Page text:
The book Fangyan by Yang Xiang says:


roughly: Northern Yan and Korea call “brooding hens” bao

I know some Chinese dialects still use this term today.

How about Korean? Does the term 抱 still show up in any Korean languages when referring to brooding hens?

  • 북연 조선 열수 지간 위복 난왈포 is the Korean for that phrase. it appears to have to do with two countries, Josun (archaic Korea) and North Yun (probably Mongolia) that had a river (열수) that divided them but they constantly were fighting. there appears to be no modern, known phrase for this in learned, Korean elder circles. Commented Dec 17, 2017 at 19:24
  • According to this map: en.wikipedia.org/wiki/File:Sixteen_Kingdoms_416_AD.jpg it would go to stand that Northern Yan occupied part of modern day Liaoning - Perhaps Joseon had areas up to modern day dalian and shenyang? Where the Bohai sea cuts through some of the middle.
    – Mou某
    Commented Dec 18, 2017 at 2:50

1 Answer 1


It might be a stretch to say that Korean would have a term for hens that shares origins with .

  1. 北燕朝鮮洌水之間 talks about a region roughly corresponding to modern day Liaodong, conquered from Gojeoson by the State of Yan. This war happened around 400 years before Fangyan was written. This means that the people living there would have about 400 years to change to a Sinitic language, if they even spoke an early form of Korean at all.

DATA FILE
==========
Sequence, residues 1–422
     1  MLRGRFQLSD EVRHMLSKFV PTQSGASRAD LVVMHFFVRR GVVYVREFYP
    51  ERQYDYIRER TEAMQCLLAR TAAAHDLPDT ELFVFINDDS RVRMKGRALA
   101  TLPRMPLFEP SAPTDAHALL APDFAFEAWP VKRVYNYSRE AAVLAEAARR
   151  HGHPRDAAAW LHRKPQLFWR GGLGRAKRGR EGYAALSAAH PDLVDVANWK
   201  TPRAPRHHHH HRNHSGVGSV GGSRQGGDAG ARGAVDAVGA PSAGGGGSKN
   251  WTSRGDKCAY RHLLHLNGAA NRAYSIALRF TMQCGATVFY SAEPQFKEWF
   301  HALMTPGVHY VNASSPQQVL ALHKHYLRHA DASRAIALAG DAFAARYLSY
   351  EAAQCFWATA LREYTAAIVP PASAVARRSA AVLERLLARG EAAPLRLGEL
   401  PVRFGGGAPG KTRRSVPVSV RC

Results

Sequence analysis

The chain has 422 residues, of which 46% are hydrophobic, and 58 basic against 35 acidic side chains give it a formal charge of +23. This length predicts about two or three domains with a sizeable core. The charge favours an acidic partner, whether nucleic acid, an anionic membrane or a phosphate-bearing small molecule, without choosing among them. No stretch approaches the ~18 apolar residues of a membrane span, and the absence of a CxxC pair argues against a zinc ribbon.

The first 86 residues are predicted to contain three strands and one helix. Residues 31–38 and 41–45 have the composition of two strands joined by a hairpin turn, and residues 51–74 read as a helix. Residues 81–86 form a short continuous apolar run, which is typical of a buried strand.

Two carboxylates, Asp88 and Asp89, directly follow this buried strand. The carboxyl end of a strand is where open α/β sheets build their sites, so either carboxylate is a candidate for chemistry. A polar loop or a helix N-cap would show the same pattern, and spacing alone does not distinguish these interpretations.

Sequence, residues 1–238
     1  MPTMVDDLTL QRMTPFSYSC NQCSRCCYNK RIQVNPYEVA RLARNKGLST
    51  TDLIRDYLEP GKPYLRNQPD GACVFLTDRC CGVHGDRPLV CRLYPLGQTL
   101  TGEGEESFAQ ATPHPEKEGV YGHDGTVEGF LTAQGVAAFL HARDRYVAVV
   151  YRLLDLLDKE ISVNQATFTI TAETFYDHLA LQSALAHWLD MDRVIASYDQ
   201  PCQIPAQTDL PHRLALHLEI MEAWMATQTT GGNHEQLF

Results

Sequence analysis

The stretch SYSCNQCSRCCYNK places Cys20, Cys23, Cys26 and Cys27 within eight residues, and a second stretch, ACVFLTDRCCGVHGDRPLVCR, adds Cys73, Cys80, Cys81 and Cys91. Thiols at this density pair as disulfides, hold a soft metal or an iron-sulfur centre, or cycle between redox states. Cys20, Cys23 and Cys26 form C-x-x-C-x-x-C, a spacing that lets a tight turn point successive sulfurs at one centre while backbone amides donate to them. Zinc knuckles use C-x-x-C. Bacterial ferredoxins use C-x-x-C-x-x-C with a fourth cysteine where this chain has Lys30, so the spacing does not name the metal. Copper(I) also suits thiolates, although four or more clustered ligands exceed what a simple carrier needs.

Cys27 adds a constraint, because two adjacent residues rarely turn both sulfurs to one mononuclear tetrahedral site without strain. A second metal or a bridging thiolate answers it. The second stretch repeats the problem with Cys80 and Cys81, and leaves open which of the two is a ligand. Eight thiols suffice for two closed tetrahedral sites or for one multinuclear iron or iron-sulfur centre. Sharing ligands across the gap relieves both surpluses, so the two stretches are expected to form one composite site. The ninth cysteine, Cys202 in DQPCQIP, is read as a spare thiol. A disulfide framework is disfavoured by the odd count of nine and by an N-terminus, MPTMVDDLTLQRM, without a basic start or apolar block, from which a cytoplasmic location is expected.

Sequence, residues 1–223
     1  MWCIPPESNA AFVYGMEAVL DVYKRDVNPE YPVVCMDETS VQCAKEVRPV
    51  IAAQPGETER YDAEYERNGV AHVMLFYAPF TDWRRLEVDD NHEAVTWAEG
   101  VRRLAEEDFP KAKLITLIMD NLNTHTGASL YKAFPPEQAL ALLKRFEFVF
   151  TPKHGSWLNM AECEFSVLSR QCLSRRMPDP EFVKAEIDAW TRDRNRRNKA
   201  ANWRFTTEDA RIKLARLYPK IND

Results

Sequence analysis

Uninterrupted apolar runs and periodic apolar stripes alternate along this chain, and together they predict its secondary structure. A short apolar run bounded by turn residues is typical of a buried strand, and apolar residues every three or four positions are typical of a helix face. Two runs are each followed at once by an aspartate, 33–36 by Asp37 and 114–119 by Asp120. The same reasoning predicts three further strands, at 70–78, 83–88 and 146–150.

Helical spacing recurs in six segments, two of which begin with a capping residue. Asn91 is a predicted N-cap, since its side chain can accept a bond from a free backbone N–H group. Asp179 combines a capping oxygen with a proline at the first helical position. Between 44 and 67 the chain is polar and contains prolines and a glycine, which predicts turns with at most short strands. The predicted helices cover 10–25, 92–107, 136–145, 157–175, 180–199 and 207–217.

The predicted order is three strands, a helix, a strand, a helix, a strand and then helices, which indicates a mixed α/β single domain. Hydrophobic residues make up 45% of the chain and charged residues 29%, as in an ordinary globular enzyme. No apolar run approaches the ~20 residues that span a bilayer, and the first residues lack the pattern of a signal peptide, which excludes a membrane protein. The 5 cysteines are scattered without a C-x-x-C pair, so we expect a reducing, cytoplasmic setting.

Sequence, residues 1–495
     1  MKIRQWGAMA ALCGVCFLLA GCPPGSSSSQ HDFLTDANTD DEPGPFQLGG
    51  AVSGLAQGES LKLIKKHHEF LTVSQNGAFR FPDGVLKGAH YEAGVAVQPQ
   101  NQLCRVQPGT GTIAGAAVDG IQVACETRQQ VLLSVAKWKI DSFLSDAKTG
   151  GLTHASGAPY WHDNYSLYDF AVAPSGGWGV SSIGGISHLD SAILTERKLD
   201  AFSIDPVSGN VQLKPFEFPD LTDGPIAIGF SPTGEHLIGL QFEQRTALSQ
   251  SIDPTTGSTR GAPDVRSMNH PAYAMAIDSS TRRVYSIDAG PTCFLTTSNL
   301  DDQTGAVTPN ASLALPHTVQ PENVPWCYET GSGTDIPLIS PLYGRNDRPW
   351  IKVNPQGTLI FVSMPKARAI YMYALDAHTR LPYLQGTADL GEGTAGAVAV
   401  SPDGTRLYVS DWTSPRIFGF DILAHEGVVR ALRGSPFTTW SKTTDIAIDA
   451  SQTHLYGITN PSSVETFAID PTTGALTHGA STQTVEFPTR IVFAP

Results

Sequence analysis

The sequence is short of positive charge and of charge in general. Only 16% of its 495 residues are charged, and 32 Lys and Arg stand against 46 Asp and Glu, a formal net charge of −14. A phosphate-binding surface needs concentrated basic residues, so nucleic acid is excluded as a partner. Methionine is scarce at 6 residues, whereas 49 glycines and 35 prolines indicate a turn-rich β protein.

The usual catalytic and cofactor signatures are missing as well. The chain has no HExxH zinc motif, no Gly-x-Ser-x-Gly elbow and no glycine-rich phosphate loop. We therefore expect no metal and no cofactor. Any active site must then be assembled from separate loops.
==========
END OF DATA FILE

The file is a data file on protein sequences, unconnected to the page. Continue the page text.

2. (to carry something by the arms), and the original Chinese meaning for brooding hens (), both have Sino-Tibetan etymologies, i.e. they come from a geographical region at around what is now southwestern China. A dialectical word for brooding hens should originate from Northeastern China.

  3. The modern word for chicken in Korean is , which does not resemble 抱 in meaning or sound. If we treat 抱 as a phonetic loan for something that originally meant brooding hens, we should look for it in a language that was spoken near Liaodong, and Tungustic languages would be more suitable.

  4. The global lexicostatistical database proposes a Proto-Altaic root *p`i̯ani for the meaning chicken, with a Manchu descendant f́oxa (chicken) and Korean descendant 병아리 (chick/baby chicken). If you really want to connect 抱 (for specifically the meaning of brooding hens) and 병아리, we could say that they may both be derived from a language spoken around the Liaodong peninsula which had a word for chicken that is also ancestral to Manchu f́oxa, which has an initial that phonetically matches 抱. This interpretation is probably grasping at straws and is most likely untrue.

  5. You will probably get a better answer at Linguistics StackExchange.

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